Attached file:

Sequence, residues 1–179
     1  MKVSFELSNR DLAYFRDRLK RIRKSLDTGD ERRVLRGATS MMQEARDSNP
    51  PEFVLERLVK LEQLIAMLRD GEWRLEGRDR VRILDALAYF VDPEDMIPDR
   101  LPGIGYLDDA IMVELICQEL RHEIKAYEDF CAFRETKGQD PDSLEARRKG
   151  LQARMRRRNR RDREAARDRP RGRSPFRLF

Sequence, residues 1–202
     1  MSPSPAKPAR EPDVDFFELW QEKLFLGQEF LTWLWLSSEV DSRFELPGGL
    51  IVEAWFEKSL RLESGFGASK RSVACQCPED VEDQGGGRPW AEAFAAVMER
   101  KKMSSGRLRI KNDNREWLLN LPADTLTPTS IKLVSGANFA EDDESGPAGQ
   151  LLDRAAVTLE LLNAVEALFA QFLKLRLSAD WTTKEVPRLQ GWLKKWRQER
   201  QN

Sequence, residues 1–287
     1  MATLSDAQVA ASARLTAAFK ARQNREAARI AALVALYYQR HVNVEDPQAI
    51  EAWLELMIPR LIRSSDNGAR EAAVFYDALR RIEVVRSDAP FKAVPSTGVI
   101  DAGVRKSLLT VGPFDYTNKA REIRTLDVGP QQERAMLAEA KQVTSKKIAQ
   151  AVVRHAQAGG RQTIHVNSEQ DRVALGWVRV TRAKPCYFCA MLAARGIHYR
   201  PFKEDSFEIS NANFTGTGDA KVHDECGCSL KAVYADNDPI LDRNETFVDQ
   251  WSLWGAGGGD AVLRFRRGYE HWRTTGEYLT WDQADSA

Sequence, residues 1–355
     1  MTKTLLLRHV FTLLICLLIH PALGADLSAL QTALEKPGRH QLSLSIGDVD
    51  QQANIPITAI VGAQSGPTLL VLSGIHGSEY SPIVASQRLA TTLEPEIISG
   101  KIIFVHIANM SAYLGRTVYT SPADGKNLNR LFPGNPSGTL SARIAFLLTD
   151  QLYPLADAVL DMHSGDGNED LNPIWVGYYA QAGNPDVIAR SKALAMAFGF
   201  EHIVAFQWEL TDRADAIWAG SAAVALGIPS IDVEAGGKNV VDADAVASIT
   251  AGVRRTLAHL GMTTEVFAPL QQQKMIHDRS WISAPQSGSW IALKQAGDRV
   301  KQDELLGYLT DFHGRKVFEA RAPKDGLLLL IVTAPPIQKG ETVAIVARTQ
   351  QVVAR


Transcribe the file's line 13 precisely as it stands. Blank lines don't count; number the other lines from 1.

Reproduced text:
     1  MATLSDAQVA ASARLTAAFK ARQNREAARI AALVALYYQR HVNVEDPQAI